Sixers GM Hinkie talks about search for coach, reaching out to fans

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It’s not just Charles Barkley who is confused.

There are fans in Philadelphia who heard little out of the organization while 12 other NBA coaches were hired and wondered what was going on. They watched the team’s popular All-Star point guard get traded away to usher in another rebuilding effort. They know they’re in for a rough season.

To some there seemed to be a distance with new GM Sam Hinkie —particularly media members used to Doug Collins and who now had a tougher job. Certainly some fans and some media members didn’t like the choices and the secrecy. Hinkie talked about liking to keep his cards close to his vest in a Q&A with the Philadelphia Daily News.

I think our fans will find me to be plenty open when we get to know each other. Our coaching search took quite a while and that may have caused that. Every little edge you can get is important. There is some level of secrecy as teams try not to let on to what they’re doing. If we were to have had Nerlens Noel come in and work out before the draft, that would have caused a stir being that we had the 11th pick, and the kind of things that happened on draft night (trading Jrue Holiday to New Orleans for Noel) possibly couldn’t have been possible. So we chose not to let teams know who we are working out, and a lot of forward-thinking organizations do that with the comings and goings of potential players.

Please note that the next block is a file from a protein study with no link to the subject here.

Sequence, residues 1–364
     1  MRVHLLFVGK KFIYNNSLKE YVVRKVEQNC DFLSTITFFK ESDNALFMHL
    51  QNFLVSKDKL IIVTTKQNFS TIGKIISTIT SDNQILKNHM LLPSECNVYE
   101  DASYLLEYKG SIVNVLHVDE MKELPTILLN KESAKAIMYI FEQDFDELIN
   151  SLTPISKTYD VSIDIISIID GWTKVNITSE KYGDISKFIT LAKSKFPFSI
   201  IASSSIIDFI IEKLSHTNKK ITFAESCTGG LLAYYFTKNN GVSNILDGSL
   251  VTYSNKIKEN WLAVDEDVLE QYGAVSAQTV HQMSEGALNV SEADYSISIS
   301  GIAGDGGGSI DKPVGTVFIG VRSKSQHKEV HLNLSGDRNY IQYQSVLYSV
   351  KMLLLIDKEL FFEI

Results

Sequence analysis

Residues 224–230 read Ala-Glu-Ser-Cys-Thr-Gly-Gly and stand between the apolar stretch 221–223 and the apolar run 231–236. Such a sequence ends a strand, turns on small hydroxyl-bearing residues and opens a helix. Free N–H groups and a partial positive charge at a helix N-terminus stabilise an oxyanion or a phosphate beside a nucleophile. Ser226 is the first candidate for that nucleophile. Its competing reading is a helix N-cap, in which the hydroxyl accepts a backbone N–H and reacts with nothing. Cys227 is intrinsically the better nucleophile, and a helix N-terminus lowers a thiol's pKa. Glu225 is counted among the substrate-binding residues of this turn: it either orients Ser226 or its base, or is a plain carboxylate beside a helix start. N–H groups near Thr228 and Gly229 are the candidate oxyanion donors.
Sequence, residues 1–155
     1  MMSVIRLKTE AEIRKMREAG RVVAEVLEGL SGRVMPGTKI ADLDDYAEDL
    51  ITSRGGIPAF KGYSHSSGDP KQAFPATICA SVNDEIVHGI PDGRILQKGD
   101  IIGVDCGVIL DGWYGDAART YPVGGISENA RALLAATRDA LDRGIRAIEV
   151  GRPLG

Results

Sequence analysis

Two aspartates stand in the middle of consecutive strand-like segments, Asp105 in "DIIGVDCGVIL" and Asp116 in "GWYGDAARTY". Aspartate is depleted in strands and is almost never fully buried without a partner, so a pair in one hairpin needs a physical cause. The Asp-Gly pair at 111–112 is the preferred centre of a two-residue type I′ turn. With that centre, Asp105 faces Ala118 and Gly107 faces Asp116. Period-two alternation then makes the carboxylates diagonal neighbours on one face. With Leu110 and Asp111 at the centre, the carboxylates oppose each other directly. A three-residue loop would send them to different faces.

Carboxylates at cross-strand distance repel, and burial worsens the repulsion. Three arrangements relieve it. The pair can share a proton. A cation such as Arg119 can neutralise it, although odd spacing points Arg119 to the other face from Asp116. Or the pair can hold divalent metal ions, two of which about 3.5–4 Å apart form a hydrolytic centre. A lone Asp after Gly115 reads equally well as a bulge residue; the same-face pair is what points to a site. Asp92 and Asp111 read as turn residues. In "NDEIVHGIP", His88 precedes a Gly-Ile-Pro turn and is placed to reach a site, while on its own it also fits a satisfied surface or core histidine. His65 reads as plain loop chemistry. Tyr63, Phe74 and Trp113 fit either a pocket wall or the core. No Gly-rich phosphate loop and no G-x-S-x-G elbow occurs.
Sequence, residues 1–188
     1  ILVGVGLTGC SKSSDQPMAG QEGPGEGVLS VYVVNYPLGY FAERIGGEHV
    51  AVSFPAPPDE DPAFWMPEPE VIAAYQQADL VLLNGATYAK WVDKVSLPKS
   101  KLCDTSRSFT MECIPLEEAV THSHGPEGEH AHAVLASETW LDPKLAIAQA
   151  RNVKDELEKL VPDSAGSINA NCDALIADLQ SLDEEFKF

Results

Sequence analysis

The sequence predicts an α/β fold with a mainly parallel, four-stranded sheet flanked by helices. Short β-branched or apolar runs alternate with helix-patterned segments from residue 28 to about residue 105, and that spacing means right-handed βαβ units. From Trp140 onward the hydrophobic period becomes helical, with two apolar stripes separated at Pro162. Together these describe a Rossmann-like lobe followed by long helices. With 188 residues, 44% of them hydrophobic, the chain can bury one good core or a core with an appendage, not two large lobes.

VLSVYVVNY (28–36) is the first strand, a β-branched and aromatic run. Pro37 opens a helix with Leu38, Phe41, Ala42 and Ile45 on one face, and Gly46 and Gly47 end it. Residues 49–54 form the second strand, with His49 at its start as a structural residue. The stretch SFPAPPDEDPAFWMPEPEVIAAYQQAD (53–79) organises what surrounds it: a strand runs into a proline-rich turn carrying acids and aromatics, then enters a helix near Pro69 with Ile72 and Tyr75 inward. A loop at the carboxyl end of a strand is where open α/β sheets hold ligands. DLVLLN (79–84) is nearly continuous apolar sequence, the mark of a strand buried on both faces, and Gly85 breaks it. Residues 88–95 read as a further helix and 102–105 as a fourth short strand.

But man, that coaching search did drag out, right?

I would say things largely progressed as I would have anticipated. Finding the right guy was always the priority, and when we did in Brett Brown we moved forward. Our first interviews were in Las Vegas in mid-July when I went out there for the summer league, just after the Orlando Summer League. It was a solid week of interviews. Then there were a few more to follow and then some more. I was focused immensely on finding who was the best fit for what we were looking to do.